Obviously certain films (like the ones of Malick and Kubrick) are all about allegory, but I don’t think the majority of movies are intended to be made as metaphors for something else.

    At any rate, I really enjoyed this post. I like when bloggers I respect bash films I enjoy. You back up your reasoning very well, and that’s what it’s all about. Good stuff!

    • Emil

      5 January, 2012 at 18:13

      I believe all good films have a “meaning”. It doesn’t have to be some deep socio-political allegory or anything, but there has to be a reason for why it was made and for why it was made the way it was. Even if it’s just something as simple as “to entertain”.

      The thing about Dogtooth is that it’s such a unique and different film. Hence, it stands to reason that there ought to be some reason for why it is the way it is. Why did the director make a movie about parents who keep their children isolated in their home and tell them words mean things they don’t? Did he just intend to present us with the scenario and want us to accept it at face value? But why? While I did say I found it somewhat amusing here and there, it didn’t come off to me as a film I was meant to be merely “entertained” by. Why sprinkle it with shocking moments like the tooth part at the end and such if they’re not meant to mean anything other than to be shocking? The whole premise of the film is so alien that there is little to gain from trying to get any message from it at face value. Hence why I looked for something allegorical about it, to little success.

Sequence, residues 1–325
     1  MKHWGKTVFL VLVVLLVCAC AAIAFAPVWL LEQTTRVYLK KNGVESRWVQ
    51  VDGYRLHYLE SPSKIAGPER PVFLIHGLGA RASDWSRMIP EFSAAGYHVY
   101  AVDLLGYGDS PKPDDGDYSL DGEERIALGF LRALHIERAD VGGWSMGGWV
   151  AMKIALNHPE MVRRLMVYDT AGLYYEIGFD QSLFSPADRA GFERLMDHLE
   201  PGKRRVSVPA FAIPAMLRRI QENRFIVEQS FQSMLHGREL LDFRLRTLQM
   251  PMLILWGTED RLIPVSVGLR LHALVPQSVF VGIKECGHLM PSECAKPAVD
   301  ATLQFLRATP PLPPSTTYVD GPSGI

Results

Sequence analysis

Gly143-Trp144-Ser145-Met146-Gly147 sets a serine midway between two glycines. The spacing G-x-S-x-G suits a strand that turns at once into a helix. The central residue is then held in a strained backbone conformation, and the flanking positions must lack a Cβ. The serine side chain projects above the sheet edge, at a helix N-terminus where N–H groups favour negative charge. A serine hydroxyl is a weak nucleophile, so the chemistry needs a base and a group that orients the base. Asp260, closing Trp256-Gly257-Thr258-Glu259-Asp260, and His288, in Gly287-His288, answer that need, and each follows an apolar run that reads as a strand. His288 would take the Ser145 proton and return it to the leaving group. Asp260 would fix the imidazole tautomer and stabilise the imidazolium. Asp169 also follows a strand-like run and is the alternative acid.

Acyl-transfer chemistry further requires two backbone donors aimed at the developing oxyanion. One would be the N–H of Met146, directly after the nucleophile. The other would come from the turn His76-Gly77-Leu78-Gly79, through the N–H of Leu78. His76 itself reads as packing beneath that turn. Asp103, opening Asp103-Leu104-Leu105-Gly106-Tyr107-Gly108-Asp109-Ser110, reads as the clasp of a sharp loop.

But I don’t know. This whole thing I just said feels far from waterproof, and I’m sure the arguement could be turned around and be applied to some films I really enjoy. But the bottom line is: Dogtooth largely failed to entertain me, and it failed to tell me anything.

      To answer your question: Yes, I would probably be more satisfied if I had found some meaning to the film.

      Thank you for the comment, Alex. Discussions like this are quite helpful ifor me to suss out how I really felt about a movie. :)

      • Alex

        6 January, 2012 at 15:31

        Hey man fair enough, I agree that discussions like this can be really useful in helping to figure out how a movie rubs you. I really liked Dogtooth but I can absolutely understand why people don’t.